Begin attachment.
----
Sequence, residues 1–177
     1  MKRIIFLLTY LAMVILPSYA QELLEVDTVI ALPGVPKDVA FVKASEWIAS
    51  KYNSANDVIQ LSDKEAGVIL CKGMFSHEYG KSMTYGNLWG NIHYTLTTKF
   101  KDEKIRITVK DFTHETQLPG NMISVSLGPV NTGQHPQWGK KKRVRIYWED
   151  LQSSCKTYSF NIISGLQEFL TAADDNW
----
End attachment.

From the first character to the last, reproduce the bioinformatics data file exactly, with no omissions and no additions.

Sequence, residues 1–177
     1  MKRIIFLLTY LAMVILPSYA QELLEVDTVI ALPGVPKDVA FVKASEWIAS
    51  KYNSANDVIQ LSDKEAGVIL CKGMFSHEYG KSMTYGNLWG NIHYTLTTKF
   101  KDEKIRITVK DFTHETQLPG NMISVSLGPV NTGQHPQWGK KKRVRIYWED
   151  LQSSCKTYSF NIISGLQEFL TAADDNW